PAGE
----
What Types of Financial Education are Workers Looking For?

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Many workers complain that debt and keeping up with everyday expenses prevent them from saving for the future. According to a 2015 survey, almost half of survey respondents live paycheck-to-paycheck and 63% said they can't cover an unexpected $500 expense. And, EBRI's 2016 Retirement Confidence Survey, 40% of those surveyed save less than needed for retirement due to everyday expenses. Workers are focused on dealing first with immediate financial concerns and as a result, confidence in achieving their retirement goals is low, few are confident they are planning well for the future, and it's causing financial stress.

Helping workers get retirement ready starts with preparing them for all of life's financial challenges. Repaying debt, managing day-to-day expenses, and saving for milestones like owning a home and funding a college education affect workers of all ages and impact their ability to save for retirement. A study of plan participants reports that workers are interested in getting financial education, information, and support through their workplace:

  • Age 30 or younger: 45%
  • Ages 30-50: 41%
  • Age 50 plus: 36%

Employers want to provide quality benefits and services to their workforce and many now offer – or plan to offer – financial wellness initiatives to meet this need. A financial wellness offering that takes a holistic view can help employees gain control over today's spending so they can start to focus on saving for their retirement years. Plus, financial education and guidance can give workers the tools they need to help them make better decisions about how they use their paycheck, which can help them build a sturdy financial foundation that can carry them into the future and help them avoid stress and debt.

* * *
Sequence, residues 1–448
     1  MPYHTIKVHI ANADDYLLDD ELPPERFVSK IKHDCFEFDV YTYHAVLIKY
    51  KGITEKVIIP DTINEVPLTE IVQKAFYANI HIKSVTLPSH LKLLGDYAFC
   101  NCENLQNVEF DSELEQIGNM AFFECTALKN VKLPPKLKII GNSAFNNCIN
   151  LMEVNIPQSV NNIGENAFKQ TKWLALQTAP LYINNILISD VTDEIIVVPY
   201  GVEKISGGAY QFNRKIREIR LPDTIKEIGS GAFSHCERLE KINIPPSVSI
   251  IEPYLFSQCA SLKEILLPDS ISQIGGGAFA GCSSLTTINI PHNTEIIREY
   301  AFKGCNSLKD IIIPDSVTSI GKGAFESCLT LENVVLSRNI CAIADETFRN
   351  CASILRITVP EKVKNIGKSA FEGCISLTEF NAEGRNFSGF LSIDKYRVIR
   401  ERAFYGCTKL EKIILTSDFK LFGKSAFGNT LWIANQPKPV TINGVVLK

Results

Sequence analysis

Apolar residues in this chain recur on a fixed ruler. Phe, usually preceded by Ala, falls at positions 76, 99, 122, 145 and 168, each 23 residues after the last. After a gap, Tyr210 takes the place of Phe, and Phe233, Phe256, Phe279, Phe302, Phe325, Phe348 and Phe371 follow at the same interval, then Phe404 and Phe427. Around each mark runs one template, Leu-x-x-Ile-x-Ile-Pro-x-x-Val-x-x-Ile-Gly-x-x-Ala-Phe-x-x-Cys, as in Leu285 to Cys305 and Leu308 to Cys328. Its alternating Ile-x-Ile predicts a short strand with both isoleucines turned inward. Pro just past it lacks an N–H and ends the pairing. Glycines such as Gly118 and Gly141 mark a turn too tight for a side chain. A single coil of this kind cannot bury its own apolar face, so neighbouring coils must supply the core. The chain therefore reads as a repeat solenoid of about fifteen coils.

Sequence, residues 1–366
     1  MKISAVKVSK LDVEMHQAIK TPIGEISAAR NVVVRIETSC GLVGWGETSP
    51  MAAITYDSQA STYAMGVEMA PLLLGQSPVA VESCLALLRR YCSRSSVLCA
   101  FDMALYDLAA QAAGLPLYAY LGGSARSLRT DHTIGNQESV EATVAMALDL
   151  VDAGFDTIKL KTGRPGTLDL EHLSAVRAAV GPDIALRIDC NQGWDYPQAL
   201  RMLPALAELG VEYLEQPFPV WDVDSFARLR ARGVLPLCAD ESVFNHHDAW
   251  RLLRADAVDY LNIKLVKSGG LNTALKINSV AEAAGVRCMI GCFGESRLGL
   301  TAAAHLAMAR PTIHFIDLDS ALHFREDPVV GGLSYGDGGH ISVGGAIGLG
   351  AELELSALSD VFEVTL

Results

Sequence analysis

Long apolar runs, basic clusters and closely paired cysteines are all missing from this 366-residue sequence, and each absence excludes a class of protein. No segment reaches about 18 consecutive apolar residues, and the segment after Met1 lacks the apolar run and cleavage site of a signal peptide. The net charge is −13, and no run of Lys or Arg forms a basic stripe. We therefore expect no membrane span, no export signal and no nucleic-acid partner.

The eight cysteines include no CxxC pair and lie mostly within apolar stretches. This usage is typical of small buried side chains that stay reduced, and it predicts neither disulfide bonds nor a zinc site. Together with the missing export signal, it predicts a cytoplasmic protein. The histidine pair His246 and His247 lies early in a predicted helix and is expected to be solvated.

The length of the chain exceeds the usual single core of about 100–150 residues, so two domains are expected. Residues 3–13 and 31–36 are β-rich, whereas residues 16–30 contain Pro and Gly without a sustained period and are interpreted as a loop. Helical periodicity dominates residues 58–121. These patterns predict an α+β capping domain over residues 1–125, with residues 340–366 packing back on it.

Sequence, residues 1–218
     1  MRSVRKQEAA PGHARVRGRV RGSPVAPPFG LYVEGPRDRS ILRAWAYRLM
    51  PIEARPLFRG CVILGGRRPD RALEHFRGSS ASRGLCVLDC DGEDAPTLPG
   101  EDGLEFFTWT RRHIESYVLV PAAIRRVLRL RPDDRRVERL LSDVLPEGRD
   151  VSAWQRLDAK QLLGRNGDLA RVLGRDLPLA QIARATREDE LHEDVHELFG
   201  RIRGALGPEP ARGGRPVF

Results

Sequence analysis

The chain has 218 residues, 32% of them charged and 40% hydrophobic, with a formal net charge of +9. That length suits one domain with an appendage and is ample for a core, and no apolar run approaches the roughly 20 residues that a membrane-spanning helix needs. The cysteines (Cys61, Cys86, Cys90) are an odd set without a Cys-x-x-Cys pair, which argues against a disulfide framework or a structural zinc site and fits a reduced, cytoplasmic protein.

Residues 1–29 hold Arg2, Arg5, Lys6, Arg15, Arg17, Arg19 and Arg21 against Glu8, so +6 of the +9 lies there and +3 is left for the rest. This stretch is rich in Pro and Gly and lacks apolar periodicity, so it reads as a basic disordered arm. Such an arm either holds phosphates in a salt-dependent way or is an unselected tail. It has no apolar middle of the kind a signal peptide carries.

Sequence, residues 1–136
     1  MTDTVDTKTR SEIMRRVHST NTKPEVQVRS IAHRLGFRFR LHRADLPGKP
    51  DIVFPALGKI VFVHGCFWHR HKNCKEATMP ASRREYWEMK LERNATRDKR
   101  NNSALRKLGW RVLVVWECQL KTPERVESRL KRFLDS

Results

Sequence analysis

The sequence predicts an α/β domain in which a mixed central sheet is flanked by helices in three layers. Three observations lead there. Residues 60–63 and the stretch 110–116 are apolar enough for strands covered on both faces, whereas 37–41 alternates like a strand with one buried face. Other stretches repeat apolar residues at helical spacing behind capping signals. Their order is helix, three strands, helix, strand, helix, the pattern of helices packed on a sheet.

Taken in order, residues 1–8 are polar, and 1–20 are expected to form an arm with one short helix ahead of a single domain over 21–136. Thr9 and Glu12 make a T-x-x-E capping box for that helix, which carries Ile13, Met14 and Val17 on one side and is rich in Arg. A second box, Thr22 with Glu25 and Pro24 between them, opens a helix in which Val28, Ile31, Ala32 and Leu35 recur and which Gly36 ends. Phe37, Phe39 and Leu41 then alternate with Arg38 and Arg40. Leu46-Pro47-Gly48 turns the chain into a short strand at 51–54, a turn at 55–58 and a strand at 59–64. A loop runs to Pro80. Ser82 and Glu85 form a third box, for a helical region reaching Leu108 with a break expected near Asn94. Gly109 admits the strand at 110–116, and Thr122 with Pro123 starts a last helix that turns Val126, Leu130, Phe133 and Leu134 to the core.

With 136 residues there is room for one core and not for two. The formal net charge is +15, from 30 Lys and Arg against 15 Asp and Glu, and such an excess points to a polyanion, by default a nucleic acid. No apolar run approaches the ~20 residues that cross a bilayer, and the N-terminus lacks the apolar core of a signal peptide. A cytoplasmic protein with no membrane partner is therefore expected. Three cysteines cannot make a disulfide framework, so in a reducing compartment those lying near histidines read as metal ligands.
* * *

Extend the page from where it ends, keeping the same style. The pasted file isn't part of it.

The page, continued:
It's important that your financial wellness program helps employees build their knowledge of the financial topics that are the most important to them. A 2015 survey by Plan Sponsor Magazinefound that workers are most interested in the following topics:

  • Retirement planning (51%)
  • Basics of investing and investing strategies (38%)
  • Savings and budgeting (35%)

Providing comprehensive learning resources about the topics workers need most – from managing debt and everyday expenses to saving for their home, family and retirement – can provide workers with relief from financial stress and boost their confidence in all areas of their financial lives. Easy access, and tools in digital formats make it easy and convenient for them learn at their own pace. With financial education, employees can make better financial choices, and prioritize and set realistic goals.

Watch this video to find out about how ADP provides financial wellness for its clients and their employees.